“Boy, it would be nice if God would appear in a burning bush and tell me exactly what he wants me to do!”
“I would be a lot more confident in my faith if I could see miracles happen all the time, like they did in the Bible.”
Growing up in the church, and continuing to choose it as an adult, I’ve heard a lot of people make statements like these. And to be quite honest, it grates on my nerves. In my experience, when people say these kinds of things they’re not only expressing simple envy of people whose lives were decidedly and obviously unenviable; they’re also attempting to excuse their own struggles, or failures, to consistently live by faith and allegiance to Christ. They figure God must have had different expectations of the people who received and preserved his revelation. Considering all their ancient advantages, people today can’t be expected to live up to the same standards.
Now, I do think I understand. Given the common human tendency to romanticism, coupled with the proliferation of idyllic historical Christian novels, it’s easy to fall into the habit of idealizing the past and thinking the people we read about in the Bible had it easier than we do, at least in some ways. After all, life was simpler and quieter back then–no Internet, no global economy, no weapons of mass destruction (if you don’t count the Persian army, the Babylonian army, the Roman army…). And at first glance I can see how people can believe it must have been spiritually reassuring and awfully cozy to have God appearing in clouds and fire, speaking through prophets, and doing mighty miracles all the time.
But there’s no way it was easier–even if you discount the reality that humans have always been human and evil has a long history of residence among us. For one thing, many of these manifestations of God’s presence and power took place at times when the people who witnessed them were in some kind of rebellion against him. Or trying to ignore him. Without exception, they found God’s presence terrifying. These were not comfortable times.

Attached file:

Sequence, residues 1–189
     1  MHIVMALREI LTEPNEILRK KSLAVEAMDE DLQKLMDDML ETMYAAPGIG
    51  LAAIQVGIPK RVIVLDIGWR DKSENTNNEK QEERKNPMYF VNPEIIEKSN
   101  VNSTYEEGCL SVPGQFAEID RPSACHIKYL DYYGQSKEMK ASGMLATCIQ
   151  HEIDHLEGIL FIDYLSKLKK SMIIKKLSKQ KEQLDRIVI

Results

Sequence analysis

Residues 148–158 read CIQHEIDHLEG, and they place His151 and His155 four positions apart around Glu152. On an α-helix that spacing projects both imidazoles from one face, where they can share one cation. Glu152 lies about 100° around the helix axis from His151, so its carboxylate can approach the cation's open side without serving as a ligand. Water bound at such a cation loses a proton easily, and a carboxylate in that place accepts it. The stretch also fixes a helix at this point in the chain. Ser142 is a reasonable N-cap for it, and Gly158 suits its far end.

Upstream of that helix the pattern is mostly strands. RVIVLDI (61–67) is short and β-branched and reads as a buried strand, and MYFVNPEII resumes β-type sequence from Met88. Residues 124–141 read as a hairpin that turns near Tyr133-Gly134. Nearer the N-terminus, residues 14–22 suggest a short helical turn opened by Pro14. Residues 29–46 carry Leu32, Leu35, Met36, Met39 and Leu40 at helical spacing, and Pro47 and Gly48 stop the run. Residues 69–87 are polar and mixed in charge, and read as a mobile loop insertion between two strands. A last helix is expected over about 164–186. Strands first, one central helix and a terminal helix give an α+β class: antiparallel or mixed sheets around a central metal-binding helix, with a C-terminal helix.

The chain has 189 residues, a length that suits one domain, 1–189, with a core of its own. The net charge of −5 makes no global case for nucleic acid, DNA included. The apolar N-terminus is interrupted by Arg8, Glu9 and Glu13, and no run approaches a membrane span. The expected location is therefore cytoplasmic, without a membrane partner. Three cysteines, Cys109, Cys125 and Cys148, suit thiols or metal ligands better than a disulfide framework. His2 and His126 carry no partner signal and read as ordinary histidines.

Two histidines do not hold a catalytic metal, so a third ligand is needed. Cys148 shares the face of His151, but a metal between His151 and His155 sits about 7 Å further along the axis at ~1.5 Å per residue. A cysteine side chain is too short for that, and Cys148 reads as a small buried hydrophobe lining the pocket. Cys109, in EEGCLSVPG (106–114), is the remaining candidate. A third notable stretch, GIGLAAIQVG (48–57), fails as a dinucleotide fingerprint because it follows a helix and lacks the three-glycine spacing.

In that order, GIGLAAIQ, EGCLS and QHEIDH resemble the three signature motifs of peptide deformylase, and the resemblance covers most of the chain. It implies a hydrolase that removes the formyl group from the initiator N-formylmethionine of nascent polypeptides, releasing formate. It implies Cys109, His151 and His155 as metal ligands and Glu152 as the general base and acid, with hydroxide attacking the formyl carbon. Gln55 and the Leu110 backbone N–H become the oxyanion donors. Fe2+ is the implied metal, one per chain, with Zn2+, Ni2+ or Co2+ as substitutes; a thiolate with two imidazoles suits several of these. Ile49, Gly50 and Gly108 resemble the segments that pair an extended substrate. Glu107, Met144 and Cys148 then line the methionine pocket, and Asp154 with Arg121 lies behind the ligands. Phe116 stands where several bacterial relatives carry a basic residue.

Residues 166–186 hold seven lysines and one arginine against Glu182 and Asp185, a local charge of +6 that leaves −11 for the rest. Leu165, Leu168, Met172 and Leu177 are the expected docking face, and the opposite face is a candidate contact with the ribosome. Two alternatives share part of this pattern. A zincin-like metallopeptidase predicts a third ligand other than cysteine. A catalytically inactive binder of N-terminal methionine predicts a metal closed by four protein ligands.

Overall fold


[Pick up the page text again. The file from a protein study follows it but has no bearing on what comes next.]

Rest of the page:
In addition, for most people life was a struggle for survival on far less than we can imagine. It’s laughable to say their circumstances were in any way easier or more comfortable than our own. Most farmers and fishermen merely hoped to feed their families. Women and children all had to work hard in the fight for survival. Slavery went unchallenged, disease went unchecked, and violence stalked through human society as it always does. Nations lived in constant fear of attack and conquest as brutal empires expanded and swallowed everyone in their path.
So what about all those miracles and tangible representations of divine guidance? As we read about them in our faux-leather-bound collections, it’s easy to forget these miracles, wonders, and manifestations of God’s presence were spread over many miles and over thousands of years. Most people never saw them directly. They heard about them through stories their ancestors had told–just as we learn about them from the stories they told. These stories weren’t always written down and couldn’t be carried in their pockets for easy reference in confusing times. The Holy Spirit was not yet living and persistently active in every person who lived by faith in God. If you dare, use Bible Gateway to search the Bible for a few comforting topics: “easy,” “relax,” and “happy.” You’ll find, as I did, that the biblical writers addressed these topics exactly zero times.
Why does this matter? As I discussed in my book Anxious, It matters because God asked these people, in their trying circumstances, for dramatic exercises in faith. He asked newly freed slaves to form a revolutionary society around obedience to him. He asked small bands of men to go up against powerful armies. He asked food-insecure people not to worry about their next meal. He asked women with no status and no power to stick their necks out and be noticed on his behalf. He asked men who lived off the land and the sea to walk away from their only means of subsistence to follow him. has asked oppressed people, living in an occupied land, to wait for a kingdom to come. He asked all kinds of people to face ostracism, torture, and death for the sake of truth. If we think we have an excuse for not taking God’s Word seriously, these ancient people’s lives prove us wrong.
Should God ask any less of us? Do you expect less from him?
© 2016 Amy Simpson.